Make a Note of It

As game masters, we focus a lot on preparing for our games. When playing, we are responsible for guiding our players through the scenarios we set up. By the nature of tabletop role playing games, you will pose questions (choices) to your players. And they will respond with their selections.
 
Its easy to get immersed in the moments at the table. And then after the fact, forget to take notes on what were the key decisions that happened during the game. Note taking is an important skill as a game master albeit a non-exciting one. Taking notes can feel burdensome or “extra work” that the GM has to perform. But, I’m here to tell you that your notes need not be complex. Or extensive. But the value in taking notes is worth its weight to any game master want to run cohesive games.

Why Take notes?

I myself and a light note taker. When I’m running the game, I am focused on my outlines I have pre-established. But, when something critical comes up, I make sure to note it down. Why? There are several reasons:
  • Remember the critical choices of the session. As a GM, you will pose dramatic questions to your players. Will they chose to save the princess from the rabid beast? Or will they go after villains that let the beast out of the cage as an escape plan? Choices have consequences. Sometimes those consequences are immediate. Other times, they’ll crop up in future sessions. Your notes make sure they crop up in future sessions.
  • Sharpen the focus of your preparation work. Remember when we talked about getting the players to commit to plans at the end of a game session? Well you should make notes on their choice. Even better if you ask them questions to generate discussion around that choice. Then take notes on that discussion. You gain insight into their goals and motivations. This is great fuel for focusing your preparation for the next game session.
  • Maintain world consistency. When you run your game, chances are you’ll have to make up material on the spot. Usually for nouns (people, places, or things). If the party wants to know the name of a goblin #1 now a prisoner? Well, now he has a name. And you’ll want to note it in case he shows up later. This maintains consistency in the world. It shows that you are paying attention and giving care to your own games. Your inaccuracies may not be a big deal at first. But if you are consistently inconsistent you risk breaking your players immersion.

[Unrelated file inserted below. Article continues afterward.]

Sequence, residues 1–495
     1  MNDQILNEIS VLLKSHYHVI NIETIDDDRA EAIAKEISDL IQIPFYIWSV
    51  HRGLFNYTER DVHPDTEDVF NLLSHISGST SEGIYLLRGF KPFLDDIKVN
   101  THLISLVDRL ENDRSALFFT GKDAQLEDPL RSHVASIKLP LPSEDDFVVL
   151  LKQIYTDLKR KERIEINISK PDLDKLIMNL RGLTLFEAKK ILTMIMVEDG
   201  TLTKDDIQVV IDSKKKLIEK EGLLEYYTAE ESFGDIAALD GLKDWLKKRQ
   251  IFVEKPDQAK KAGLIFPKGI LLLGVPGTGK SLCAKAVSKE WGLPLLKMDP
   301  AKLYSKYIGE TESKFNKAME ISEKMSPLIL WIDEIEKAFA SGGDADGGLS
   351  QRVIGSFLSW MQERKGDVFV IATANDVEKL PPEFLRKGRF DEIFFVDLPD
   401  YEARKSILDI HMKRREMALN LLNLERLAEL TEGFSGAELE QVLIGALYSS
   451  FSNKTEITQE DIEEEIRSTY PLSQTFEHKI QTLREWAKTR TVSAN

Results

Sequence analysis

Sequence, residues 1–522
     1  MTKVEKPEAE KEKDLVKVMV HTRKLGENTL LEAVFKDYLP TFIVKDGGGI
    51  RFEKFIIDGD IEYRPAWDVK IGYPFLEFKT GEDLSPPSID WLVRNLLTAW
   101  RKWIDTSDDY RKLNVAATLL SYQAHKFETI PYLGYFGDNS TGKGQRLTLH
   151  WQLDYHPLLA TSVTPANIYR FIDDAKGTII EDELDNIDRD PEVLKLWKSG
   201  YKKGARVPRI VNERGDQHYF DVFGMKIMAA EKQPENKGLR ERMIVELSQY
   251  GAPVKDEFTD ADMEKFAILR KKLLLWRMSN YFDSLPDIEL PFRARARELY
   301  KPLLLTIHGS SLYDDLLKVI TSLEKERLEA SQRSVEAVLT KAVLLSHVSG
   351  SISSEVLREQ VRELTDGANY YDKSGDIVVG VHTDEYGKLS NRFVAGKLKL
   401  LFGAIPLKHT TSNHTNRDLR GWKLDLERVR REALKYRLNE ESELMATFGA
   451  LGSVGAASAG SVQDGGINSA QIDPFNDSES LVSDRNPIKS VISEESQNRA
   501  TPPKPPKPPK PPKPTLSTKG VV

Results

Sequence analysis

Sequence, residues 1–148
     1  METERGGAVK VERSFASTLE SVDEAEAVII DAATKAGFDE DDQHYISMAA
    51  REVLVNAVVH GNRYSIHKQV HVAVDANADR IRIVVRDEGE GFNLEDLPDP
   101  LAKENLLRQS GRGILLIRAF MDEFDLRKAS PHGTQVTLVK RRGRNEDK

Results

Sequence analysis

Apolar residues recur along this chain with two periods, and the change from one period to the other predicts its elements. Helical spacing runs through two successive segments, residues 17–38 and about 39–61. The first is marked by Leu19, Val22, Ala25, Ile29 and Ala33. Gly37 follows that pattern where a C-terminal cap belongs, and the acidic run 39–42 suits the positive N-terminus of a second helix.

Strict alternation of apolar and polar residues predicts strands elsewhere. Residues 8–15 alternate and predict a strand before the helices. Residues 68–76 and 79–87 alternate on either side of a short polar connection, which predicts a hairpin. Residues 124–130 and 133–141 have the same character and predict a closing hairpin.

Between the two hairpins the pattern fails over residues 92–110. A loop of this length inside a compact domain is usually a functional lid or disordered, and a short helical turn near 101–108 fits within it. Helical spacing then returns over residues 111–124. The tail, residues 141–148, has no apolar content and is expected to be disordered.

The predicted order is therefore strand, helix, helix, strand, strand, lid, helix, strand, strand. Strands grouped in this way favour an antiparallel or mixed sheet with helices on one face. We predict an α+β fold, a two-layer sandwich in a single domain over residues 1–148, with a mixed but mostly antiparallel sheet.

• Capturing our improvisation choices. This is an expansion of the previous bullet point. Sometimes, the players go outside the boundaries of your prepared notes. That’s completely fine. But it relies on your improvisation skills. Those improv skills might be great in the moment. But can you remember everything you designed up on the spot for your review? Probably not, so make notes as you go.

What Should you Note?

When it comes to note taking, everyone has their own style. I myself, am a light note taker. But as a game master, there are a few key pieces that I make sure to note down.
  • Improvisations. I note down people, places or things that I make up on the spot. This keeps consistency and lets me reference them in future games. If I am generating adventure content wholesale at the table, I note that too. Because I’ll need it to hash out next steps after the session is over.
  • Key player decisions. The major actions of PCs drive the fiction of your game. The player’s actions always have consequences. They may be immediate, which you can also note. Or delayed consequences will crop up later.
  • End of session choices. As mentioned above, take notes on what your players choices are for the next part in your game. This is the foundation of your new adventure preparation work.
  • Time-based elements. It can be useful to note down any time based elements that transpired in the game. It could be a macro issue such as an in-game calendar to know the time of year your players are at. Or it could be micro issue like knowing how long until the dark ritual is complete and the sun goes black.
  • Spent monster resources. Monsters or NPCs will have expendable resources at their disposal. Spell slots (if they haven’t had time to recover them), potions, alchemical fire are all examples. If they use up those resources make a note. That way your players get a fair and accurate representation of what the monster has left.
  • Bookkeeping for mid-adventure issues. Sometimes I end game sessions mid-adventuring day. We play based on a real-life clock, not an in-game one. When this happens, I make notes of whatever is dynamic within the adventure. That way I have accurate records for when we pick back up. This captures previous bullet point, but encompasses much more than it.

Refine Your Notes

When it comes time to start preparing for your next adventure or gaming session, I start by reviewing my notes. This reminds me of what happened, and where we are going. But in my review process, I refine my notes. I clean anything up any vagueness or notes that turned out to be more trivial than I first anticipated.
 
The refinement process helps me narrow my focus on what I need to create for the next session. Through the act of deletion and expansion where necessary I am forming the picture in my mind. That picture becomes the outline for the session. And from there I begin my preparation work.
Art Credit: Ede László